The following form of letter from James Gorman or Thomas Nides was distributed to certain shareholders on or about April 21, 2010:
Dear [ ]:
A year ago, Morgan Stanley asked shareholders to approve an increase in authorized shares to cover 2009 equity awards, and indicated we would do the same in 2010. Today I am writing to seek your support for an amendment to our equity share plan that would provide additional shares to cover 2010 compensation.
Over the past two years, Morgan Stanley has fundamentally restructured the way it pays its employees. We have substantially increased the portion of year-end compensation that is deferred – and significantly reduced the portion paid in cash. We are paying senior executives a portion of their compensation in new "at risk" performance units that only deliver value if the Firm meets specific performance targets after three years. We were the first U.S. bank to institute a clawback provision in 2008, and we further strengthened that clawback in 2009. We also are providing shareholders with a "Say on Pay" vote in 2010.
Our focus on "at-risk" equity compensation is consistent with regulatory guidance and in the best interests of our shareholders. However, given the increased portion of compensation paid in equity, the 40 percent increase in our employee base due to the Smith Barney joint venture and the small number of shares currently in our employee stock plan, the Board of Directors is asking shareholders to approve an additional 38 million shares for issuance under our 2007 Equity Incentive Compensation Plan at Morgan Stanley's upcoming annual meeting.
The additional shares requested are necessary to maintain an appropriate mix of "at risk" equity, deferred compensation and cash awards for our expanded employee base, and are intended to cover grants through the end of 2010, at which point we expect to come back to shareholders for approval of additional shares for the following year.
As a shareholder myself, I strongly believe that approval of these additional shares is crucial to the Firm's ongoing success for several reasons:
- At Morgan Stanley, equity awards help to foster an ownership culture. They are a critical tool in driving shareholder value and in recruiting, retaining and motivating top talent. These equity awards are delivered instead of – not in addition to – cash compensation, and protect the interests of shareholders.
- If the plan is not approved, the Firm will be at a significant competitive disadvantage. Our ability to retain employees would be compromised – since employees would have less equity at risk and competitors would be able to poach our best people. In addition, our lack of equity awards would make it difficult to attract employees from companies that have equity compensation programs of their own.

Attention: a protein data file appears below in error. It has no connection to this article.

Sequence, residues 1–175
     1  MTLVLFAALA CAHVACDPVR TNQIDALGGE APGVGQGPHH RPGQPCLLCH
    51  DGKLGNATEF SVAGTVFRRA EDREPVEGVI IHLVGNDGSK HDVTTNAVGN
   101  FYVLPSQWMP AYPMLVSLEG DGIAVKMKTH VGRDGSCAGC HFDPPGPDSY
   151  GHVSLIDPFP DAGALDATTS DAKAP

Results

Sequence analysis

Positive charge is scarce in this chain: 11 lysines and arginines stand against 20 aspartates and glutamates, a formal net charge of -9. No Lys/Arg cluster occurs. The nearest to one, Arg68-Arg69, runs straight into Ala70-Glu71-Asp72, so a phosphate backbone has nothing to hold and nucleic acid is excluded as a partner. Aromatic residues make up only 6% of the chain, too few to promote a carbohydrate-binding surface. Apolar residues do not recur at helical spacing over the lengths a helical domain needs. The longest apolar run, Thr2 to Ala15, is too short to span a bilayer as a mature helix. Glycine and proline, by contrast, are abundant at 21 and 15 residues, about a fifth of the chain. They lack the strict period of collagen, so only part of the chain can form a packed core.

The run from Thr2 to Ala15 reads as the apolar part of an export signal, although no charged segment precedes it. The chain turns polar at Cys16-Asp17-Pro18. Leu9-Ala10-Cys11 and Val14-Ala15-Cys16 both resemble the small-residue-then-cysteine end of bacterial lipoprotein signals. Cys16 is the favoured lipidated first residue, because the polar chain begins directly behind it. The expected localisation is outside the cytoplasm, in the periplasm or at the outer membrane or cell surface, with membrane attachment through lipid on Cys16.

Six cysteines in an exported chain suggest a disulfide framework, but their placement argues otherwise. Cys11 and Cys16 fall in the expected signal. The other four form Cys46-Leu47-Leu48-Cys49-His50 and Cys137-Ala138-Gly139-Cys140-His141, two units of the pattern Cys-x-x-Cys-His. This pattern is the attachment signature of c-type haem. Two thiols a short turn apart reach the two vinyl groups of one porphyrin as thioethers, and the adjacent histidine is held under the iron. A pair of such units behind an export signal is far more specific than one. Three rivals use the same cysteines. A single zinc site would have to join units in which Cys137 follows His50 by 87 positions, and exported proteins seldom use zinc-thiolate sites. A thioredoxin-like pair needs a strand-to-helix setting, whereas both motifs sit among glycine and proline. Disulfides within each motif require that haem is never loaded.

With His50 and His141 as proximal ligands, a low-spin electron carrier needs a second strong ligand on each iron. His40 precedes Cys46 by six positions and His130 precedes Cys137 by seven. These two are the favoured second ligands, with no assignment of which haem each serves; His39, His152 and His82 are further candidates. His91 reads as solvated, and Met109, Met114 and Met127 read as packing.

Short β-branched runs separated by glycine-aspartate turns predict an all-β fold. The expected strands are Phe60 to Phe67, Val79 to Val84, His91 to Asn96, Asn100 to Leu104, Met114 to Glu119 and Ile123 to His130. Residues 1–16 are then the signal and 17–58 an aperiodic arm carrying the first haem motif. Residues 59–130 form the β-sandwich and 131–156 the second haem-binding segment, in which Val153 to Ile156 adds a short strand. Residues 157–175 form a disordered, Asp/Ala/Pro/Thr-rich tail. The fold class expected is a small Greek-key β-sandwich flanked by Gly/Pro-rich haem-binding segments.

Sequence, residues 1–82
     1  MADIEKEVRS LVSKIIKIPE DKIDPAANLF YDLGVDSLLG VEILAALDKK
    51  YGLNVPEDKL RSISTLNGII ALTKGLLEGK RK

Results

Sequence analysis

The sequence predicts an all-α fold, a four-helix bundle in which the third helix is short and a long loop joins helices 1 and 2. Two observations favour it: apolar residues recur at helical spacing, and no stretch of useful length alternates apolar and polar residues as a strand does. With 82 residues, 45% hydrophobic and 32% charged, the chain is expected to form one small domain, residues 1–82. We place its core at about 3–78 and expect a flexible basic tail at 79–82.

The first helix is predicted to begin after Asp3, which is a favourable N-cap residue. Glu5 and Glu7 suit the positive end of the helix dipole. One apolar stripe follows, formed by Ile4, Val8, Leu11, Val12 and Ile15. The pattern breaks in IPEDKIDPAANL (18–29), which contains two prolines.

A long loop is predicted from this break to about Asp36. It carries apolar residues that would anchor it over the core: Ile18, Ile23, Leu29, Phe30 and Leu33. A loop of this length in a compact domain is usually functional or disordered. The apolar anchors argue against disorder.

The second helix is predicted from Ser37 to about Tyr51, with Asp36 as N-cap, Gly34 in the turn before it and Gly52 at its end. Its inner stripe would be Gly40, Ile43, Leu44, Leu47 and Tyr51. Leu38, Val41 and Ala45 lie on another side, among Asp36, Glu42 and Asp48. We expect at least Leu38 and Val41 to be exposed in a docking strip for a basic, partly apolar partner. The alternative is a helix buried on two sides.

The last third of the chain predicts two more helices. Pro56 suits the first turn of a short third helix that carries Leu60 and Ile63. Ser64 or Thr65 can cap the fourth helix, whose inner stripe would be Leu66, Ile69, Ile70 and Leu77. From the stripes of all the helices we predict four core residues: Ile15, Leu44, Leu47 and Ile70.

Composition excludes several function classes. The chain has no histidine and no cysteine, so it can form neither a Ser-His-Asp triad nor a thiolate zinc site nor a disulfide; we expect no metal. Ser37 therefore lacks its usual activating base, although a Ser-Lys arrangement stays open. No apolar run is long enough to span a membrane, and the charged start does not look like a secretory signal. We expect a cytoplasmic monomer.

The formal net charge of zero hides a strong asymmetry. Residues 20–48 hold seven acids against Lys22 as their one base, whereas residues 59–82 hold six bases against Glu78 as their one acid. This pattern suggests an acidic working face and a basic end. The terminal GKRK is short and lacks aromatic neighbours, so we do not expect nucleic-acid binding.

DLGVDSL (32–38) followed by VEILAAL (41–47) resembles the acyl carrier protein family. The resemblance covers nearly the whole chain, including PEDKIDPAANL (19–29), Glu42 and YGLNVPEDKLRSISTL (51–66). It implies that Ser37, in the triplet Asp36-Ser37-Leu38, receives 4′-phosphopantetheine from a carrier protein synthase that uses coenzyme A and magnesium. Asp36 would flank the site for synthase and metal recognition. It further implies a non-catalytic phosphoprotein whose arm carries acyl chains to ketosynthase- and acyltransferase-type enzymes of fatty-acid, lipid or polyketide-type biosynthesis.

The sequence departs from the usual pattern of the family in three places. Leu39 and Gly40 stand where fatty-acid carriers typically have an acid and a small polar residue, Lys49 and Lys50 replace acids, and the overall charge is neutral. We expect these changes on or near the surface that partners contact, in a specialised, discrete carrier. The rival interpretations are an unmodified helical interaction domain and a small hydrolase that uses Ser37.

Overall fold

- Without additional shares, the Firm would be compelled to increase the cash component of employee compensation – which is directly contrary to regulatory guidance and best practices in our industry.
We recognize the unique environment in which we're operating – as well as the government support for the industry in the past year – and we made compensation decisions for 2009 with that in mind. John Mack did not receive a bonus in 2009, and [my] / [James Gorman's] year-end award was paid entirely in deferred compensation. Firm-wide per capita compensation for 2009 was at its lowest level in the past seven years – and down approx. 30 percent from fiscal 2007 – even though the Firm delivered strong performance across many businesses in 2009.
While the improvement in our debt-related credit spreads (DVA) significantly distorted our compensation ratio in 2009, we have committed to maintaining a far lower comp-to-revenue ratio going forward – and we have already begun to deliver on that promise. In the first quarter, our Firm-wide comp-to-revenue ratio was 49 percent, and that compensation ratio was even lower – 41 percent – in our Institutional Securities segment.
Our first quarter results also make clear that the steps we have taken to reposition the Firm are beginning to pay off. Our intense focus on disciplined execution helped Morgan Stanley deliver improved results this quarter, with revenues of $9.1 billion, up 33 percent from the fourth quarter of last year, and income from continuing operations applicable to Morgan Stanley of $1.8 billion, or $1.03 per diluted share. Even after excluding the discrete tax benefit recorded this quarter, which boosted our earnings by $0.21 per share this quarter, we still delivered solid performance. However, we still have a great deal of work to do to achieve our long-term goals for the Firm.
As we look to do that, it is critically important that we continue to foster an ownership culture by providing a direct link between employees and shareholders, and that we remain competitive in the market for talent. We need additional shares for grants to our increased workforce to accomplish both of these goals. Please support our efforts by voting FOR amendment of the Plan, as well as by following the Board's voting recommendations on the other agenda items.
We have provided additional information about this matter in the attached document. I'm also happy to discuss this further if you have any questions. If you need assistance in voting your shares, please contact our proxy solicitors at 1-800-967-4612.
Thank you for your continued support of Morgan Stanley.